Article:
Always keep a straightedge in a box when it is not
in use. Some straightedges are marked with two arrows,
one near each end, which indicate balance points. When
a box is not provided, place resting pads on a flat surface
in a storage area where no damage to the straightedge
will occur from other tools. Then, place the straightedge
so the two balance points sit on the resting pads.
MACHINIST'S SQUARE.--The most common
type of machinist's square has a hardened steel blade
securely attached to a beam. The steel blade is NOT
useful in checking right angles and in setting up work
The size of machinist's squares ranges from 1 1/2 to
36 inches in blade length. You should take the same
care of machinist's squares, in storage and use, as you
tool used to establish angles that require extremely close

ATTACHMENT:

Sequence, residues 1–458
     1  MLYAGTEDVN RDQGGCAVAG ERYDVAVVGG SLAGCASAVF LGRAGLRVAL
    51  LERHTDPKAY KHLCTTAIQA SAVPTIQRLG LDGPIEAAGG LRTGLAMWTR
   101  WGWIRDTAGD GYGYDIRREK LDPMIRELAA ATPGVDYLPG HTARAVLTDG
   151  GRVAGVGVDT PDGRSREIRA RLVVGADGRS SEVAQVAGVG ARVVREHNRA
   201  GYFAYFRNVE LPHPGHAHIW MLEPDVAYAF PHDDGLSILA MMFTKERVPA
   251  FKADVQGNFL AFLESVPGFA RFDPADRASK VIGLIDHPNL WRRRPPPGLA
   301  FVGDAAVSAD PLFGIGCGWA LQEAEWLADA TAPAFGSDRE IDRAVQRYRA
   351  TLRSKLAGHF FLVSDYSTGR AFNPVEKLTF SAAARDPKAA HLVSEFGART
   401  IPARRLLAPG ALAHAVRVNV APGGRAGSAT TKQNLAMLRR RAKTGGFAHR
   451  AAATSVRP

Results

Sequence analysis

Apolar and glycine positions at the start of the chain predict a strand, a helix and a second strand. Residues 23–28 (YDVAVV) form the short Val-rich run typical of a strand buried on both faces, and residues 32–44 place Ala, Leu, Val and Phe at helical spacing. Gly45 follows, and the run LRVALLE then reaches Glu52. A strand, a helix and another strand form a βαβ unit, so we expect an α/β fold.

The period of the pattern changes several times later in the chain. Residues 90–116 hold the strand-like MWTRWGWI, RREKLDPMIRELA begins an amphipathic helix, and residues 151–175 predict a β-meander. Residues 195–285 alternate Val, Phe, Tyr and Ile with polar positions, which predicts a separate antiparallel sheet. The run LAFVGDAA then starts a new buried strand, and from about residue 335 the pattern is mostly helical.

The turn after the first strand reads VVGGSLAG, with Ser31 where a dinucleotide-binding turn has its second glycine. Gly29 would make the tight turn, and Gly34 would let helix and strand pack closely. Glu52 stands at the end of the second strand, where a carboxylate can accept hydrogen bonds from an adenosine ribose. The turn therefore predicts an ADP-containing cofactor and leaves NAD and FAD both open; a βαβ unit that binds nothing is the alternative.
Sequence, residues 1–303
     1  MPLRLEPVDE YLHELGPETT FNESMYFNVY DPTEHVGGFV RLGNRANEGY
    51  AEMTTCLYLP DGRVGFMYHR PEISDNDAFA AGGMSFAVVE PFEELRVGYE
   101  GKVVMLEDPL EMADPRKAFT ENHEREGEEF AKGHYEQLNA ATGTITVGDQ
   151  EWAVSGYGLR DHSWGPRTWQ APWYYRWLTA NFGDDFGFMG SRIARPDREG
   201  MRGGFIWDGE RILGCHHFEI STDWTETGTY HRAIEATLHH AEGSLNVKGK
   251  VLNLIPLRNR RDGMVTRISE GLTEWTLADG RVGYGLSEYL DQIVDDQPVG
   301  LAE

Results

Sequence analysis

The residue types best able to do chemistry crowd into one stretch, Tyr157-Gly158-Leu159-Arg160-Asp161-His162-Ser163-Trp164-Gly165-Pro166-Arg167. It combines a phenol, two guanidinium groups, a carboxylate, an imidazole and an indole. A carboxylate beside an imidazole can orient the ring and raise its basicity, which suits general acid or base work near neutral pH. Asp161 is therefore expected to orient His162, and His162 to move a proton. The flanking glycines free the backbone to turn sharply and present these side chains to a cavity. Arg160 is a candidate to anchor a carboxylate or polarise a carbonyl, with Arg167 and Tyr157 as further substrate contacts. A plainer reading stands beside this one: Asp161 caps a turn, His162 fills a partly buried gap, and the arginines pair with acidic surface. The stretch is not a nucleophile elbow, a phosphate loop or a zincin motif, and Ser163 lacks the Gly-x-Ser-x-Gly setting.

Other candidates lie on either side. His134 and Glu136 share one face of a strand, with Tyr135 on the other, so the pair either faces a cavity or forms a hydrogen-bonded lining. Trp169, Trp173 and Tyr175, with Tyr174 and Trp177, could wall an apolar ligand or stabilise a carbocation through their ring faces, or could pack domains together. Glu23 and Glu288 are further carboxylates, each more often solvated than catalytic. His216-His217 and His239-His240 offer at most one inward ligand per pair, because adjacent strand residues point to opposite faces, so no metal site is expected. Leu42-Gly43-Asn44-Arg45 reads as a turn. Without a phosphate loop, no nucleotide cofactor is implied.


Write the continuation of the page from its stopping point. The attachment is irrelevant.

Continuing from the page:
accuracy. When used in conjunction with a surface
plate and gauge blocks, angles are accurate to 1 minute
Figure 1-24.--Machinist's square.
(1/60). The sine bar is used to measure angles on work
and to lay out an angle on work to be machined, or work
may be mounted directly to the sine bar for machining.
The cylindrical rolls and the parallel bar, which make up
the sine bar, are all precision ground and accurately
positioned to permit such close measurements. Be sure
to repair any scratches, nicks, or other damage before
you use the sine bar, and take care in using and storing
the sine bar. Instructions on using the sine bar are
included in chapter 2.
PARALLEL BLOCKS.--Parallel blocks
used to lay out work or set up work for machining.
The surfaces of the parallel block are all either
parallel or perpendicular, as appropriate, and can be
used to position work in a variety of setups with
Figure 1-26.--Parallel blocks.